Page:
Coronavirus: Non-essential trips to Scotland ‘could break law’

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Nicola Sturgeon urged people in England not to travel to Scottish beauty spots

People who travel to Scotland for anything other than essential purposes are “potentially in breach of the law”, Nicola Sturgeon has said.

The Scottish first minster said there was no need for “confusion”, even as different lockdown rules come into effect in different parts of the UK.

Boris Johnson has urged more people to return to work as part of a plan to gradually ease restrictions in England.

But Ms Sturgeon said that in Scotland, “lockdown remains in place for now“.

She said: “If you are in Scotland, then the law in Scotland applies – and the law says that just now you can only be out of your own home for essential reasons.”

And she stressed that “it is not OK to drive into Scotland to beauty spots to visit places and for leisure”.

The prime minister is to set out further details about his “roadmap” towards lifting the virus lockdown later on Monday, having unveiled the “first careful steps” in a television address on Sunday evening.

He said people in England who cannot work from home should start to return to the workplace, while rules around outdoor exercise and recreation are to be eased.

Ms Sturgeon said the law and guidance in Scotland had not changed, and said: “I would hope all employers would respect that.”

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Scottish government

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Ms Sturgeon has maintained the “stay at home” message as the UK government has switched to “stay alert”

While people are now allowed to go out more than once a day for exercise, Scots are still expected to stay at home other than for essential work, to buy food or medicine, or for exercise.

At her daily media briefing, the first minister was asked about people who live near the border with England.

She said: “If you live in the Scottish Borders and you come across the border to go to the supermarket, you would certainly not be breaking the law if you were getting food, that’s an essential purpose.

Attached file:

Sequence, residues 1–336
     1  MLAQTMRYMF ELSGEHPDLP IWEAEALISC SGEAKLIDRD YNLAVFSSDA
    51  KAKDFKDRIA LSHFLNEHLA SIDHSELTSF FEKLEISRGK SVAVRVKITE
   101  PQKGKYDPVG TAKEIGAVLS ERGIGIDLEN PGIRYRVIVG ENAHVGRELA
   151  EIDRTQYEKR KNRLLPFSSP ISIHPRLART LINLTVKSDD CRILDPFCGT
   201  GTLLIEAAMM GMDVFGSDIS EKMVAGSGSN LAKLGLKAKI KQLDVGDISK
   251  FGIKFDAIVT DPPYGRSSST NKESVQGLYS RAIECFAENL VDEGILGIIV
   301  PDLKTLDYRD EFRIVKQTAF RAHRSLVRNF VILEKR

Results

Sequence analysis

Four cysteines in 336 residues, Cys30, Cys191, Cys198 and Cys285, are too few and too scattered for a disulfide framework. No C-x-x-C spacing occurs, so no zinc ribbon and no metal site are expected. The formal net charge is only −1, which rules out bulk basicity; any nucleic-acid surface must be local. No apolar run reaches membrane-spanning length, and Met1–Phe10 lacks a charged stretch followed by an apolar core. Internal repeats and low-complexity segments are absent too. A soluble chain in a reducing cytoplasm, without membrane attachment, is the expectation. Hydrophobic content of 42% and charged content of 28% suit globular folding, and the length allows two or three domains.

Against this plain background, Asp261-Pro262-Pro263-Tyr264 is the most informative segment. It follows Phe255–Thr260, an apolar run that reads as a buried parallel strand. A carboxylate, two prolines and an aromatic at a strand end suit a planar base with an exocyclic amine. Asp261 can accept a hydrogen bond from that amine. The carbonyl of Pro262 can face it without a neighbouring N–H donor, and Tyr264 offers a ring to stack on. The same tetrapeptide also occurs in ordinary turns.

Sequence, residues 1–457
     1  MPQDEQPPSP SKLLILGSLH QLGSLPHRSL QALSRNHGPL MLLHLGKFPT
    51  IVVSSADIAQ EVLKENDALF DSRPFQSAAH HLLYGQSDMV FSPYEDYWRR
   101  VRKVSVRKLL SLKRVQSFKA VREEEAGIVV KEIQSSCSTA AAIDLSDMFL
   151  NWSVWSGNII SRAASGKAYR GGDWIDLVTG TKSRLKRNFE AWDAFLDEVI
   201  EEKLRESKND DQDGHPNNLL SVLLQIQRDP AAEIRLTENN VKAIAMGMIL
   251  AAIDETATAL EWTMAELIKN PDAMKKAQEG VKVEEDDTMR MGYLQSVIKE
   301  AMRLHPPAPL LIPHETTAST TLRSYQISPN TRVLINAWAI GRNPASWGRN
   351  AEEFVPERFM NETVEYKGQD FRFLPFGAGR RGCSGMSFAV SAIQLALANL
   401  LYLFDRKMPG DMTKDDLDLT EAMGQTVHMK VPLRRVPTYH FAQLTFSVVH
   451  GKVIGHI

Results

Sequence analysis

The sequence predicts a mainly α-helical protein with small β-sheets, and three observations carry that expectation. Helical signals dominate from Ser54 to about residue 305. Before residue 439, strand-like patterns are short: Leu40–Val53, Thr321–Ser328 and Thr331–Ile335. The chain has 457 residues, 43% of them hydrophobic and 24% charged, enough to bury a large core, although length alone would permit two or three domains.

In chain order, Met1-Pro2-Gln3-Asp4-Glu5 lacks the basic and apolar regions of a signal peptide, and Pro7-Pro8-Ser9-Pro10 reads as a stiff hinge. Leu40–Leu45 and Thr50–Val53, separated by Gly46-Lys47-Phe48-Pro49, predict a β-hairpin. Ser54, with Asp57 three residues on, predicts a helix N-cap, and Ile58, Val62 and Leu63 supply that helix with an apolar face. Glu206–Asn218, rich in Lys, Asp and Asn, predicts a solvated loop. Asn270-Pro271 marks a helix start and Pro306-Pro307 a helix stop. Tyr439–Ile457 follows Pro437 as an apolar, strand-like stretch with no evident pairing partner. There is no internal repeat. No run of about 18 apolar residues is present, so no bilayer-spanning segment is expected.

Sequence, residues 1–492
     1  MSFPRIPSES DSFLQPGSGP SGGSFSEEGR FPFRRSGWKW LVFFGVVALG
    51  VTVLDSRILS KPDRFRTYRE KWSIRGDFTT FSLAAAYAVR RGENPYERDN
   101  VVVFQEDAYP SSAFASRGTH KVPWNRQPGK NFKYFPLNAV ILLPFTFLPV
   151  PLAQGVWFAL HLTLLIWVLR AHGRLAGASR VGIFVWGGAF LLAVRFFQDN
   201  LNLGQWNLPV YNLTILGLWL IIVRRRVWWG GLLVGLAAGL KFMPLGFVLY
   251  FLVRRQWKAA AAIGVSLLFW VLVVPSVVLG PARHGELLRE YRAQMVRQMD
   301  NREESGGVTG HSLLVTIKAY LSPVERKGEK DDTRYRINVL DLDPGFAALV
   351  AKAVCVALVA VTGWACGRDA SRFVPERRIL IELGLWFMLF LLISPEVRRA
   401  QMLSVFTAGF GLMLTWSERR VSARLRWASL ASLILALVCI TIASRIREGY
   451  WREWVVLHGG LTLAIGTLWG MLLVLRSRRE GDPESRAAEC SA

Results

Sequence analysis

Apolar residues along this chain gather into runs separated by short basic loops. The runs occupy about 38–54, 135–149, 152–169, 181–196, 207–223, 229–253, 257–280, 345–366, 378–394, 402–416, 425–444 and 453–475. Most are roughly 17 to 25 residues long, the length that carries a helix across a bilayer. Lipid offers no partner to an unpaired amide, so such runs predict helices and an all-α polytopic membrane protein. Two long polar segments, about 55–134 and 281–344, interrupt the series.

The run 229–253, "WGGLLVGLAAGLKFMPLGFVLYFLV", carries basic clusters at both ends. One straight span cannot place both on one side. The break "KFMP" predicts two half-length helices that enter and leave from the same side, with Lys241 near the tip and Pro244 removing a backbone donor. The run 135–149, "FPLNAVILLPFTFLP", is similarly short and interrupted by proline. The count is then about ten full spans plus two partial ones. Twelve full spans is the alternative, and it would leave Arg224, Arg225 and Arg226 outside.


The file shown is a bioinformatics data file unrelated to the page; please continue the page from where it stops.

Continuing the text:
“If you live just south of the border and you work in an essential job then equally that is perfectly legitimate.

“But if you are coming to Scotland and are not covered by those essential purposes, then you potentially would be in breach of the law.”

‘Respect the rules’

Ms Sturgeon added: “If you live in Scotland right now and you’re not working at the moment, or working from home, then my advice is you should continue with that right now. We are not encouraging more people to go back to work right at the minute.”

The first minister said she did not think there was any plan or need for “increased policing” at the border, but warned people in England not to travel to Scottish beauty spots for recreation.

The UK government’s guidance paper for people in England states: “When travelling to outdoor spaces, it is important that people respect the rules in Scotland, Wales and Northern Ireland and do not travel to different parts of the UK where their intended activities there would be prohibited by legislation passed by the relevant devolved administration.”

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The UK government has accepted that there could be “modest divergences” as “different parts of the UK move at slightly different speeds”.

Foreign Secretary Dominic Raab told BBC Scotland that “we will see different nations move at slightly different speeds, and that’s reflective of the fact that the prevalence and the transmission rate of the virus is at different stages in different parts of the UK”.

Ms Sturgeon also said the fact that Scotland could be on a “slightly different timeline” to the rest of the UK was not “for any political reason”.

She said it was because “the Scottish government is not yet confident that these changes can be made safely in Scotland yet, without running the risk of the virus potentially running out of control again”.

The first minister said the rate at which the virus was spreading – the “R number” – was still “slightly higher in Scotland than the rest of the UK on average”, justifying differing approaches.

She said: “Moving at different speeds in different parts of the UK, for good evidence based reasons, need not be a cause for confusion.

“Confusion only arises if we as politicians, and the media who report on us, are either unclear in what we are asking people to do, or if we give a misleading impression, even by omission, that decisions that apply to one nation only are actually UK-wide.”

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